Wilma Sue Tilton Griffin (born January 25, 1934) is an American neuroscientist best known for her contributions regarding the role of neuroinflammation in the pathogenesis of Alzheimer’s disease and other neurodegenerative conditions. She conceived a "cytokine cycle" by which interleukin 1 and other paracrine factors conspire with one another to create a "feed-forward" cooperativity, thus establishing the premise for a progressive disease. Griffin is the Alexa and William T. Dillard Professor in Geriatric Research and Director of Research at the Donald W. Reynolds Institute on Aging at the University of Arkansas for Medical Sciences. She is also the founding Chief Editor of the Journal of Neuroinflammation.
Griffin grew up in western Arkansas and attended high school in Fort Smith. After graduation, she moved with her parents to Los Alamos, New Mexico, where she worked for the Atomic Energy Commission and met and married her husband, Edmond Griffin. Ed was also a native Arkansan and worked at Los Alamos National Laboratory to help determine the biological effects of ionizing radiation. The couple had two sons, Edmond II and Clay.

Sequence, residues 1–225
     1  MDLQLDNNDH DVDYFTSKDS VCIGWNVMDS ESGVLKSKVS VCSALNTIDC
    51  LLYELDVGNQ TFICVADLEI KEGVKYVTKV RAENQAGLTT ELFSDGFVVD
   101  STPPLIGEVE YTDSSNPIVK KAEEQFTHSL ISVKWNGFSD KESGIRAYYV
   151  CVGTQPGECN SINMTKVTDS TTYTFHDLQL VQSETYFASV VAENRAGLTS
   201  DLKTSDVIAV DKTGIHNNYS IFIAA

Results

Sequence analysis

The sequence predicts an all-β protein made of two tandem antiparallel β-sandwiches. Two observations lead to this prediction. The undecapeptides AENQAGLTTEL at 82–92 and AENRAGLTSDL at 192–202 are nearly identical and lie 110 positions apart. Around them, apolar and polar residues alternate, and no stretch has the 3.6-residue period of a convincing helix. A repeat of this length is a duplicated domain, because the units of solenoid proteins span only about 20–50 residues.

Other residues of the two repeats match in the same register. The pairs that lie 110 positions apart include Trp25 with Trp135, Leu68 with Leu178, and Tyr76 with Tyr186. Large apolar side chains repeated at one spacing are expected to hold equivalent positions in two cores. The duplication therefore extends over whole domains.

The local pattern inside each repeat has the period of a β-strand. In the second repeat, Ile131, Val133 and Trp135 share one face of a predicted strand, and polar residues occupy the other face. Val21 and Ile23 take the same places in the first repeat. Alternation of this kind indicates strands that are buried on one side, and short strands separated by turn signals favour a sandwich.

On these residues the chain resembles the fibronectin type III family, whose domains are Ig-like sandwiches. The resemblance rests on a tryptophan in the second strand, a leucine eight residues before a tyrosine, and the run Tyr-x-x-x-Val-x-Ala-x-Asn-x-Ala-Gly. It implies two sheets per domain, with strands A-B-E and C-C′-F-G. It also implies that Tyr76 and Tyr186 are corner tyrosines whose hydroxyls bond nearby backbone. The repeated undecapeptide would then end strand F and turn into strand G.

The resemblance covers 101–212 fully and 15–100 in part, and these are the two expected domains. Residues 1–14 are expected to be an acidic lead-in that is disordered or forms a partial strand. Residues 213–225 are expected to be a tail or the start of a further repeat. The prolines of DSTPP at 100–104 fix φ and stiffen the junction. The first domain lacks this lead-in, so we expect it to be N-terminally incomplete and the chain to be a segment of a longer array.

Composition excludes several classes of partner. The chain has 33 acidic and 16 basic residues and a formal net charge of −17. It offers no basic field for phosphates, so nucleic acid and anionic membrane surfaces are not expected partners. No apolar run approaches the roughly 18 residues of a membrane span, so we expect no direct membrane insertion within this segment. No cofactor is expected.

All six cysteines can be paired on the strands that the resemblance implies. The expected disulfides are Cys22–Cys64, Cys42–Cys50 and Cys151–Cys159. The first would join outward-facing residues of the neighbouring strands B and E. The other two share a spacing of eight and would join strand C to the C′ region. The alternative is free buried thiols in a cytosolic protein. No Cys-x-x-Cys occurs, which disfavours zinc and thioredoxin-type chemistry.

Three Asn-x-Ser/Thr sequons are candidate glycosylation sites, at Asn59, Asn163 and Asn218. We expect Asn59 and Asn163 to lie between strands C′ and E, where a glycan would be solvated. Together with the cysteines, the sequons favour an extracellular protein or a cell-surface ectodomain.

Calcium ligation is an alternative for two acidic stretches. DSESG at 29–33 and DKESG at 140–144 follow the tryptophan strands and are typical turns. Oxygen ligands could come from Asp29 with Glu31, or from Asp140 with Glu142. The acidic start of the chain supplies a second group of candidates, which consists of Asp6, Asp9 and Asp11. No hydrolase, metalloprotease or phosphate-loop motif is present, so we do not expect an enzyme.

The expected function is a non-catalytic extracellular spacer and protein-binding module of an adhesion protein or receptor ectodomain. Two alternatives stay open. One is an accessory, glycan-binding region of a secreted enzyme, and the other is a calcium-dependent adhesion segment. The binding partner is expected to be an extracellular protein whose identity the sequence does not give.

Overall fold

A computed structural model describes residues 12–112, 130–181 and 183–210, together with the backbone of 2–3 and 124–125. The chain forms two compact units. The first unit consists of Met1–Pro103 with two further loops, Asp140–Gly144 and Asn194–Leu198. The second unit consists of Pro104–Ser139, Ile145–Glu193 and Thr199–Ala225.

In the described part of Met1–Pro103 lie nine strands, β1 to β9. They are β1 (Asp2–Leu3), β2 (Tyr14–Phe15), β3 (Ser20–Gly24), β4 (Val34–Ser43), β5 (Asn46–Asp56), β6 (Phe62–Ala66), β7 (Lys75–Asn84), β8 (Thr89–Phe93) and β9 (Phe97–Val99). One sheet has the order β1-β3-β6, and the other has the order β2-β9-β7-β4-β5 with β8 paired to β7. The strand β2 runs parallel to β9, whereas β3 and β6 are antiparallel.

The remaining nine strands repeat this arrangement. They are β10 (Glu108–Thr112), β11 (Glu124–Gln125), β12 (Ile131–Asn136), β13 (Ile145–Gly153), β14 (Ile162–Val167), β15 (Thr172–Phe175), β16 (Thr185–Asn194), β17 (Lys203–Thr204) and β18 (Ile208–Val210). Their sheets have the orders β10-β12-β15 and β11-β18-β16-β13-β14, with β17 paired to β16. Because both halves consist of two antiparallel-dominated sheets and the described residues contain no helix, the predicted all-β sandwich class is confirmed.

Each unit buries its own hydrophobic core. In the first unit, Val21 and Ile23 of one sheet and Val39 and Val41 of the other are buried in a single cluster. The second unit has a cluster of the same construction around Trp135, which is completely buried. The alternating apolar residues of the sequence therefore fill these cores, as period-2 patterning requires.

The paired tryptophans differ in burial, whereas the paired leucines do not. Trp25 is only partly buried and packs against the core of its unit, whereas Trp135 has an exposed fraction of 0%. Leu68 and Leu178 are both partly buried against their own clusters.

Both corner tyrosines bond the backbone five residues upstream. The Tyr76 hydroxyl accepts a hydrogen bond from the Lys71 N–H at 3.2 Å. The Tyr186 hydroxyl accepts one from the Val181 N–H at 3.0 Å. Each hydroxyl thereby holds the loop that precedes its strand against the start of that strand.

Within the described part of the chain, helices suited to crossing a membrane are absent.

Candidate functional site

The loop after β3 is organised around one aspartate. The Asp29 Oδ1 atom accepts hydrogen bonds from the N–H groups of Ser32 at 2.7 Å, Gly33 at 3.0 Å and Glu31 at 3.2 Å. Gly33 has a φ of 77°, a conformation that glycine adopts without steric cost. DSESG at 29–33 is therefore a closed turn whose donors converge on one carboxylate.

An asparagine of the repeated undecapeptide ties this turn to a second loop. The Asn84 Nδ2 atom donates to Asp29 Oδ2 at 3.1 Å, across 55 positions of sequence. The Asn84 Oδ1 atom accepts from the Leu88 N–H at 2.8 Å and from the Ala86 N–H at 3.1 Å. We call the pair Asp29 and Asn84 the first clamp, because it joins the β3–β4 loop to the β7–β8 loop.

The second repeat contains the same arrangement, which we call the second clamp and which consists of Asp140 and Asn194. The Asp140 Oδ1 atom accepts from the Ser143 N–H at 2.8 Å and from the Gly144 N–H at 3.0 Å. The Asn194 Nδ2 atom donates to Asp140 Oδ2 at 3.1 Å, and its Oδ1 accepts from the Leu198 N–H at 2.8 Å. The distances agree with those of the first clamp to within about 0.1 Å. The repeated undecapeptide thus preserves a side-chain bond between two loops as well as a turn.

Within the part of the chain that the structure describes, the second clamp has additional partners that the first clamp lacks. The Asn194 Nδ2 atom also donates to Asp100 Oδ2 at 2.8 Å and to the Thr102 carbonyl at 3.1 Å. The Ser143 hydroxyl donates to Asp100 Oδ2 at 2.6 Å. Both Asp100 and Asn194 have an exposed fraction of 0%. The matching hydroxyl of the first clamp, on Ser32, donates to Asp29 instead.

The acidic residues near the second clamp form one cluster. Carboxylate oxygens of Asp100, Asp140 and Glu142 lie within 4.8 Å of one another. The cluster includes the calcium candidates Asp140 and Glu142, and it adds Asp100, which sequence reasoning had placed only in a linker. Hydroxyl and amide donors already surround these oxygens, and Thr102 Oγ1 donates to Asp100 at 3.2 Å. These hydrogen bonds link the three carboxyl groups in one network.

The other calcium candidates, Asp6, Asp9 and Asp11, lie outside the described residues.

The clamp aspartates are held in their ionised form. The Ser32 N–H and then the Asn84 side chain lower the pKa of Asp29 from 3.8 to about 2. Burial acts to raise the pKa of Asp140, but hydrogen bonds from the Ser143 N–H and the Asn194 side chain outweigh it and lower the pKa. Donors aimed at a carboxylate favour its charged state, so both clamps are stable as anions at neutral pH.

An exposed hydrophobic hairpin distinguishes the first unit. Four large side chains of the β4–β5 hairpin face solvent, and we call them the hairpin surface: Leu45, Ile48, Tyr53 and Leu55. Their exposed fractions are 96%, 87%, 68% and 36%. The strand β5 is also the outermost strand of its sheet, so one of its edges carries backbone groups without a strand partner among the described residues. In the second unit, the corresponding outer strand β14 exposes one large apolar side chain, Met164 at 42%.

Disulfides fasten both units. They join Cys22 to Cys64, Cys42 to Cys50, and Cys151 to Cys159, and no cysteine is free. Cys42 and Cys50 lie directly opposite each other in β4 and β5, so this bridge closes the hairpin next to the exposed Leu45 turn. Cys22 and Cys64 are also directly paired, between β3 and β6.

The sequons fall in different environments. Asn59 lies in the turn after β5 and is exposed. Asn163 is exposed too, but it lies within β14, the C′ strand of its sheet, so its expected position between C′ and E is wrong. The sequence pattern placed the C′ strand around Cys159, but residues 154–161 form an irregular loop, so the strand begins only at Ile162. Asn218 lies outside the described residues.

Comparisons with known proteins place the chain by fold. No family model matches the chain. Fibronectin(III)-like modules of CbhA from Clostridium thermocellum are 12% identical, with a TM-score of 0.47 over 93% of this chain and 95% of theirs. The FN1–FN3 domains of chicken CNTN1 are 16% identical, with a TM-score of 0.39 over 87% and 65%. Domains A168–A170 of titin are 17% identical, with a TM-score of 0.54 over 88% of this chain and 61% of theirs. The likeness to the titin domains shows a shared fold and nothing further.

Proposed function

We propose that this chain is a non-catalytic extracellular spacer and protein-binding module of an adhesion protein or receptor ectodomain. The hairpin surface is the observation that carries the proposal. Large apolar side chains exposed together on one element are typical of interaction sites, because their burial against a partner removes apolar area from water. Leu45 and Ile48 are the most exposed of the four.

Sue Griffin received both a bachelor’s and master’s degree in nutrition from the University of Tennessee in Knoxville. In 1974, she earned a Ph.D. in physiology from the University of Rochester, School of Medicine. Following the completion of her doctorate, Griffin was a fellow at the University of Texas Southwestern Medical Center in Medicine. In 1986, Griffin moved to her home state of Arkansas to take a position in the Department of Pediatrics at the University of Arkansas for Medical Sciences, where her laboratory was physically located at Arkansas Children's Hospital. Although ostensibly committed to the pathogenesis of neurological aberrations in Down Syndrome, her laboratory pursued the connections of this condition to Alzheimer's disease. In 1989, Griffin published a paper demonstrating the elevation of an immune system modulator, interleukin 1, in both Down Syndrome and Alzheimer's disease. This represents one of the first published connections between Alzheimer's disease and neuroinflammation. Griffin went on to show how this inflammation contributes to formation of amyloid plaques, neurofibrillary tangles, and Lewy bodies in Alzheimer and Parkinson disease brains, as well as its connections to genetic differences that confer greater risk of the disease in certain individuals.
In 2016, Griffin was awarded the lifetime achievement award from the Alzheimer’s Association at its international conference. In 2018, she was inducted into the Arkansas Women's Hall of Fame.